How golf (and Zoom) is helping me and my friends through the pandemic

The author has reconnected with a number of friends in recent weeks, often talking golf with them.

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This is the last piece in a five-part Bamberger Briefly series about golfers returning to their playfields. You can read the first installment (golf in Pennsylvania) here; the second (Minnesota) here; the third (Massachusetts) here; and the fourth (Indiana) here

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Henry B. in Los Angeles writes: “I’m going to come out of this a better putter.”

As the year is 2020, that proclamation arrived here in the Philadelphia bureau by email and in a flash, but its underlying message was universal and timeless: The situation is challenging but good will come from it.

What an odd two months, for all of us. I’m in contact with friends — by email and phone call, via Zoom and mental telepathy, sometimes in person in the park — from every phase of my life. When I went to George M.’s wedding, thirtysomething years ago, he was a volleyball player, a paddler, an ax thrower. The other day, we talked about getting together on Martha’s Vineyard for … golfI didn’t even know George played golf.

I’ve corresponded with a high school classmate, John R., who was a baseball player, a scholar and a gentleman in our Patchogue, L.I., youth. Now he’s a golfer who had planned to volunteer at the U.S. Open at Winged Foot in June. Evidently, sometime after 1978, John fell into the game’s web.

I’ve had exchanges with Jim K. in Hawaii and Andy S. in upstate New York, Morty M. in Pasadena, Bill M. in South Jersey and Sam R. in South Florida. Golf bum, golf bum, golf bum, golf bum, golf bum. The conversation, to and fro, is north of howyadoin’? It’s more like, “How are you?” But masked through the prism of our XY DNA.

We’re asking each other personal questions. (“How many clubs you carrying?”) We’re making dumb observations. (“Couldn’t they just put a partition in the cart to separate the driver from the other guy?”) We’re making broad philosophical statements. (“I never knew how much the game meant to me.”) Profound, no, not on the surface. This is us.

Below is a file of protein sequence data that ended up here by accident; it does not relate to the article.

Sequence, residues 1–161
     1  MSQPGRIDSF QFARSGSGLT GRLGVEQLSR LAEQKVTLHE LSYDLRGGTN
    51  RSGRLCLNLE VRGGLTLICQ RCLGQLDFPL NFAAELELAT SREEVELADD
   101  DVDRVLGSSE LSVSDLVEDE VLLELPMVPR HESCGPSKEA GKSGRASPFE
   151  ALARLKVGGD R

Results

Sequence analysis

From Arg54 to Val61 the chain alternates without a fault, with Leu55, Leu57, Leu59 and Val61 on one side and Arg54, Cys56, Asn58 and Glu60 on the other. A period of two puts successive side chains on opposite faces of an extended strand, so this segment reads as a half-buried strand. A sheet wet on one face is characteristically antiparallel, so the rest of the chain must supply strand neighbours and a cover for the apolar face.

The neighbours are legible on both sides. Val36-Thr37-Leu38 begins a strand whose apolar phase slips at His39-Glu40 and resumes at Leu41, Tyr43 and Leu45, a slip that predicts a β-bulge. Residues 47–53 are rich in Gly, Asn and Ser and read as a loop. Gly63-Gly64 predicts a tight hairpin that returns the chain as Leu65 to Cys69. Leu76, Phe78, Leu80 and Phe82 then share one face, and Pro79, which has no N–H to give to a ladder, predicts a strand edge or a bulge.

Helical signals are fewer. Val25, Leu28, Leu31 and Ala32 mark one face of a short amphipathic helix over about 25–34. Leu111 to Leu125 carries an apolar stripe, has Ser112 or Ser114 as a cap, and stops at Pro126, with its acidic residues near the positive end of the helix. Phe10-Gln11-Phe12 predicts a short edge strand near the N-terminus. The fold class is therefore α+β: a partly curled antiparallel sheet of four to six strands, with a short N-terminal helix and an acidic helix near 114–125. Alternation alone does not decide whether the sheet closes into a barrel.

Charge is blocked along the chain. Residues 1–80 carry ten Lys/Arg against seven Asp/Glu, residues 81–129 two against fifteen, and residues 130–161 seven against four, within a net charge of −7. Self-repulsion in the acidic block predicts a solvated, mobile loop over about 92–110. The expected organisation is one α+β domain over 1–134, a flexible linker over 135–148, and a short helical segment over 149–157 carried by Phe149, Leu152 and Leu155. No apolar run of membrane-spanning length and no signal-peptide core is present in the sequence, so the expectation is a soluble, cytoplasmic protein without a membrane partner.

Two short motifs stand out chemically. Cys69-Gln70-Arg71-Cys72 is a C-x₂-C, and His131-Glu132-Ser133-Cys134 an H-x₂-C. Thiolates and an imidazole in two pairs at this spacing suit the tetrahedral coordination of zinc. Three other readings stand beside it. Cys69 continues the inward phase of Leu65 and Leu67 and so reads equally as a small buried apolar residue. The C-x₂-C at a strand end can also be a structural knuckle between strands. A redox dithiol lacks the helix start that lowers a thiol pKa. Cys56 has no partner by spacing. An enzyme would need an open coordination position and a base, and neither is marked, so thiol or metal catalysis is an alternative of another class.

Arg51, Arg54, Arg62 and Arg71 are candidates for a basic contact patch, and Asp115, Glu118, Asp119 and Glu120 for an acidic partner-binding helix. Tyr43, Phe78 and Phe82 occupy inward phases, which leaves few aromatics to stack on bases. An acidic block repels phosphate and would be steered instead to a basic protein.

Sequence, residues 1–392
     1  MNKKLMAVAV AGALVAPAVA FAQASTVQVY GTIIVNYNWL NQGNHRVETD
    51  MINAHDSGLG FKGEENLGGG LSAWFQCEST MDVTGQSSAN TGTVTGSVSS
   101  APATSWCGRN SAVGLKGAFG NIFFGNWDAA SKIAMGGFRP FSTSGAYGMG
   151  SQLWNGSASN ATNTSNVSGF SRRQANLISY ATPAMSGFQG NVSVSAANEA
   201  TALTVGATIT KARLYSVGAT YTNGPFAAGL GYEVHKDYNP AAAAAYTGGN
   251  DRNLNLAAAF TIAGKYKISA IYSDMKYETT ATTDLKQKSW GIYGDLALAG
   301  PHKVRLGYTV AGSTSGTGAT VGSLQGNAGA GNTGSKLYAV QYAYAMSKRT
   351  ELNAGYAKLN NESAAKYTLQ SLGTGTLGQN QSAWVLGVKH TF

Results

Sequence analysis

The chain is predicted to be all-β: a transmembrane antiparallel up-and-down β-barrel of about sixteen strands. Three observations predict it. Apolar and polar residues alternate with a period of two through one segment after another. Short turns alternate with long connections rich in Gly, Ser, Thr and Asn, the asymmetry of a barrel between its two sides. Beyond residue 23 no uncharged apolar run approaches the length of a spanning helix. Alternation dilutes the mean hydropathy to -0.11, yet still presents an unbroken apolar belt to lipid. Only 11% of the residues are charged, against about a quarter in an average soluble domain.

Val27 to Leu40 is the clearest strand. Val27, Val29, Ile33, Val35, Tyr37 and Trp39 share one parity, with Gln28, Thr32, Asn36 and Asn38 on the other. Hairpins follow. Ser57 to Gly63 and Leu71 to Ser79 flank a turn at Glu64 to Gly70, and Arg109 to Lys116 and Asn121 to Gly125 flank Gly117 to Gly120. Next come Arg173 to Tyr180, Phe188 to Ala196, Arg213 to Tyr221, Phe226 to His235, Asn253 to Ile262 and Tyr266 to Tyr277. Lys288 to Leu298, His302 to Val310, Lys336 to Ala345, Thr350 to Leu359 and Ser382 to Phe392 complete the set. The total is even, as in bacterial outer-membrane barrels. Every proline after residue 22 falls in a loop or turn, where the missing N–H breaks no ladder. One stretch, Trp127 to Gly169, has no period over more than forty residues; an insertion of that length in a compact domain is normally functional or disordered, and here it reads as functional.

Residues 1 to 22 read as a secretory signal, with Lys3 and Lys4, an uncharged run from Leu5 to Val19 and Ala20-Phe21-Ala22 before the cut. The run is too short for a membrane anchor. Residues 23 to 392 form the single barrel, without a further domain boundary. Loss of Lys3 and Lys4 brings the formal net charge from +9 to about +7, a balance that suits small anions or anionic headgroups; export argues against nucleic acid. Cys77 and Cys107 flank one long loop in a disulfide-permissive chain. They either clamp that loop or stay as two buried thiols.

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Did you see the new Seinfeld thing on Netflix? He’s got a golf bit: Golf is like trying to throw a Tic Tac 100 yards into a shoebox.

Back to Henry B., in Los Angeles, who will return as a better putter. Unsaid is this: And you will see it for yourself, before too long here. When air travel is a thing again, when hotel breakfasts and caddies and two-down automatics are things again. When we meet again.

Henry and I are both interested in Dan Jenkins and his life and times. Henry sent me some Ring Lardner and wondered if I could see the Jenkins antecedents in it and did I know that Abe North in Tender is the Night is based on Lardner?

The things we golfers say and do in the name of ____.

We’re heading back to our courses, in this month of May, here and there and most everywhere. Still, we end our missives with, “Stay safe.”

Michael Bamberger welcomes your comments at Michael_Bamberger@golf.com.

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Michael Bamberger

Golf.com Contributor

Michael Bamberger writes for GOLF Magazine and GOLF.com. Before that, he spent nearly 23 years as senior writer for Sports Illustrated. After college, he worked as a newspaper reporter, first for the (Martha’s) Vineyard Gazette, later for The Philadelphia Inquirer. He has written a variety of books about golf and other subjects, the most recent of which is The Second Life of Tiger Woods. His magazine work has been featured in multiple editions of The Best American Sports Writing. He holds a U.S. patent on The E-Club, a utility golf club. In 2016, he was given the Donald Ross Award by the American Society of Golf Course Architects, the organization’s highest honor.